Irish Terrier

Lifestyle Needs

Irish Terrier

Irish Terrier

The Irish Terrier, according to the Kennel Club, is one of the oldest types of terrier, originally used to hunt vermin.  He is a long legged, medium sized dog, typically strong willed and brave.  He is aproportionate, square shaped dog with a harsh red coat which needs regular grooming and care.  Temperament will vary as with all breeds, so if he is to be a family pet, this will be the key thing to check.  An Irish Terrier with a good temperament would make a good, fun loving, energetic family pet.  Daily exercise is essential with plenty of free running.  He will need to be well trained to come back when called.

Inbreeding Coefficient - COI
(Should be as low as possible)

The UK Kennel Club breed average COI is 8.3% - see 'A Beginners Guide to COI'

Effective Population Size - EPS

115.6

EPS is a measure of how many individuals are contributing genetically to a breed population. It is a measure of the size of the gene pool in a breed. Lower than 100 is considered critical by conservationists and below 50 brings a breed close to extinction. For more information see the Kennel Club article.

Health and Welfare Problems due to Conformation
(Body shape and physical characteristics)

None known

BVA/KC Health Schemes: www.bva.co.uk/chs

None known

Estimated Breeding Values (EBVs) are now available for Hip Dysplasia and Elbow Dysplasia:
www.thekennelclub.org.uk/about-ebvs

DNA Tests Available

  • Hereditary Footpad Hyperkeratosis (HFH)
  • Degenerative Myleopathy (DM)

Unofficial (Breed Club) Schemes

None known

Ask the breeder to show you the certificates for the above tests/screening for both parents. If any of the above tests have not been considered necessary by the breeder (and there may be good reasons), ask her to explain why.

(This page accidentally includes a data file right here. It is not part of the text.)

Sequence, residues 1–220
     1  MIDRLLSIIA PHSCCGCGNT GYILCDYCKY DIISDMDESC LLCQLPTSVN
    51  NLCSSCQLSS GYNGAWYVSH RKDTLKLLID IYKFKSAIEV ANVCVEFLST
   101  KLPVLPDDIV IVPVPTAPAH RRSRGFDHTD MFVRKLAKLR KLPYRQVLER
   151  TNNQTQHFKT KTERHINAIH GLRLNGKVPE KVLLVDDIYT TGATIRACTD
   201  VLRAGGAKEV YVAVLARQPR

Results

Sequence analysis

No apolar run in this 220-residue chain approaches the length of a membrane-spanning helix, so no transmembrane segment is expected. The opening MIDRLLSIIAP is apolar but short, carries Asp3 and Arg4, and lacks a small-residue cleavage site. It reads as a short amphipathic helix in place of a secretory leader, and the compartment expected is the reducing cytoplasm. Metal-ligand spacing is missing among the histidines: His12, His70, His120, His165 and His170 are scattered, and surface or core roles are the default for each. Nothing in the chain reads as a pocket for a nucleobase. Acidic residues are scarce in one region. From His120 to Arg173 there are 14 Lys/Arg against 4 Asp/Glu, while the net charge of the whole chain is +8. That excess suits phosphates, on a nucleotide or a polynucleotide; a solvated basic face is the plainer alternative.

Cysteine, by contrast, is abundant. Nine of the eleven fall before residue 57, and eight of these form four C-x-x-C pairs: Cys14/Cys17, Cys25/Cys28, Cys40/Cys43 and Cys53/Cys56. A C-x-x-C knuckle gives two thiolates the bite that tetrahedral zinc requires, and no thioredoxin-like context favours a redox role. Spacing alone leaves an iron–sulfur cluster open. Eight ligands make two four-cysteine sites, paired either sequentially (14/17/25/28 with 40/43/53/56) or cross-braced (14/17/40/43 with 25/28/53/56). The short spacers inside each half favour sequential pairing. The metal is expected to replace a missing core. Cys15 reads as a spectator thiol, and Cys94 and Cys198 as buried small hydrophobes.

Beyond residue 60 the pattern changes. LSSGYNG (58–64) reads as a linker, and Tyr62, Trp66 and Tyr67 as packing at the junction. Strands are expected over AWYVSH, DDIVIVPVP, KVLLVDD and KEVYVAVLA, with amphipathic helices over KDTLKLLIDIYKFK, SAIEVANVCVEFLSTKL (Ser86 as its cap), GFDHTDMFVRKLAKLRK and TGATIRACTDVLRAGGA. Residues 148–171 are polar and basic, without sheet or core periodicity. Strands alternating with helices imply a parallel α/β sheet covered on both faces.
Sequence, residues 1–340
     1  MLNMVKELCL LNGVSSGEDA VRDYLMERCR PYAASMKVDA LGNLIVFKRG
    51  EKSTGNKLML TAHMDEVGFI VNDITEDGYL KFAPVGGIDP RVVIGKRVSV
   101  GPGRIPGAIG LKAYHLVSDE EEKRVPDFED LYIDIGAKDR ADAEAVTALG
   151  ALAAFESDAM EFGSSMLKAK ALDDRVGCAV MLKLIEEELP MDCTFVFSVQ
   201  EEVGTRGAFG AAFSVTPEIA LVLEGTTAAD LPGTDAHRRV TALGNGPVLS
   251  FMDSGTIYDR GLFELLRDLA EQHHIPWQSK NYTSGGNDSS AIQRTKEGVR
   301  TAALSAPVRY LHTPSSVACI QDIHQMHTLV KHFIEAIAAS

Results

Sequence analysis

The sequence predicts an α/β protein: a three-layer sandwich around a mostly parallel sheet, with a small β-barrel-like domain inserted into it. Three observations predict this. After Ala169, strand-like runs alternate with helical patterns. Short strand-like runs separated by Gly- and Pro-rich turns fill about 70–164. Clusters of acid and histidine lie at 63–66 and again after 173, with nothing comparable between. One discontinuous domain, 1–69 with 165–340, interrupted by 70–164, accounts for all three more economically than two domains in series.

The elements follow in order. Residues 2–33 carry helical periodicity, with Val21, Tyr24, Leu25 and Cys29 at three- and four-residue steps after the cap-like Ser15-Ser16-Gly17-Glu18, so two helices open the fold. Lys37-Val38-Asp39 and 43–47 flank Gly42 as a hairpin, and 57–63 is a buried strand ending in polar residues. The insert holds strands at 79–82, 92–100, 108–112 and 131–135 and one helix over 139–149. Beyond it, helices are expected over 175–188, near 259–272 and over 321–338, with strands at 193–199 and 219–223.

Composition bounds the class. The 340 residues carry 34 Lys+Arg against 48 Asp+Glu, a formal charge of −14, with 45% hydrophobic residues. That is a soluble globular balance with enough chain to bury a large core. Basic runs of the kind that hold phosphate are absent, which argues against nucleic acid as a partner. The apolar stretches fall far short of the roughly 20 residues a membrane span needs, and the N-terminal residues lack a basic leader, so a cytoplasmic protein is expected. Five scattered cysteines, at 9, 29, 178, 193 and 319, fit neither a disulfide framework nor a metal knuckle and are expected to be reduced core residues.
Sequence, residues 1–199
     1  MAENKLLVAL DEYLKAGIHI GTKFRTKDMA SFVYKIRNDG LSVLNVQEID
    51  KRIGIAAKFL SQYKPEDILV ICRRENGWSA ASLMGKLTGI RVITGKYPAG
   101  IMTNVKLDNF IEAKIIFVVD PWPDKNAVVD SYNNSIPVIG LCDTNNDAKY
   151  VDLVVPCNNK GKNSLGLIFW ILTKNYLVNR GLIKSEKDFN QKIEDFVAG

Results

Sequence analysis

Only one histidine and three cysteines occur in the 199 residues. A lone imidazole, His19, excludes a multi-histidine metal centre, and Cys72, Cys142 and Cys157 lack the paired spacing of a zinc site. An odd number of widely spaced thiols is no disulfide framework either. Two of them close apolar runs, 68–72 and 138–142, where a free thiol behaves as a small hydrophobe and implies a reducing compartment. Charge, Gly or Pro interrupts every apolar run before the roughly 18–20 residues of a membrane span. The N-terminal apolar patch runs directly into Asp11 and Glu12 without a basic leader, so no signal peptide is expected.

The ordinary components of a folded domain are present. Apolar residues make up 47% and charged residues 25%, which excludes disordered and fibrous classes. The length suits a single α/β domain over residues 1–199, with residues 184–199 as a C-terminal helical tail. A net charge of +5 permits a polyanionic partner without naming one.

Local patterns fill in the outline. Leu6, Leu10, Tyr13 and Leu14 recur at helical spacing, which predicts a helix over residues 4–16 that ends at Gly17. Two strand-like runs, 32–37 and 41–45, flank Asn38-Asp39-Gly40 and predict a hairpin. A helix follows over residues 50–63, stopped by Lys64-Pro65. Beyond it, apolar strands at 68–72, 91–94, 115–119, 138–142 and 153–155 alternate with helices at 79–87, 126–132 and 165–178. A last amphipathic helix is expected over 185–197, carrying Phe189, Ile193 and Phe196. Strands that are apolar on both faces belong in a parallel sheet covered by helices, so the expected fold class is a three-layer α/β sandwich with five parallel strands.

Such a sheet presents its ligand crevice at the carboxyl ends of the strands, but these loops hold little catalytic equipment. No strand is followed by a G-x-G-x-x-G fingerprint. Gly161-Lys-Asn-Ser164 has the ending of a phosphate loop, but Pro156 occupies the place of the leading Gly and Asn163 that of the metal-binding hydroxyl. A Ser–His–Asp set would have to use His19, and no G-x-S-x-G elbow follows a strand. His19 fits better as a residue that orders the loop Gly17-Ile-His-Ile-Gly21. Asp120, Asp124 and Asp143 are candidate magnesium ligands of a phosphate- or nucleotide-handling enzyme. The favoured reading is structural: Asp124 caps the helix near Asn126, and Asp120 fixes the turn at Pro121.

Other Diseases Reported
(For which there are currently no genetic or screening tests for sire or dam)

  • Hyperkeratosis (abnormal development of the foot pad)
  • Urolithiasis (formation of stones in the urinary system – may cause kidney failure)
  • Central core myopathy (causes exercise intolerance, skeletal weakness and cardiomyopathy)

Ask the breeder about the medical history of the parents, grandparents and great grandparents.  Consider carefully whether to purchase a puppy if some of these or other diseases are in the family line.

Ask about the breeder’s policy in cases of serious genetic diseases occurring to your puppy in later life. Good breeders will request to be informed of such events in order to improve future breeding decisions. Some breeders will also agree to contribute towards medical costs or refund purchase price.

You are strongly advised to buy from a breeder who uses (or is prepared to use) the RSPCA / BVA AWF Puppy Contract and Puppy Information Pack (PIP):  www.puppycontract.org.uk

You are also advised to buy from a breeder who follows the Dog Breeding Reform Group’s (DBRG) Standard for Dog Breeding:
www.dogbreedingreformgroup.uk/the-standard-for-dog-breeding.html

Or the Kennel Club’s Assured Breeders Scheme Standard and Guidance:
Standard PDF | Guidance PDF

List of Dog Breeds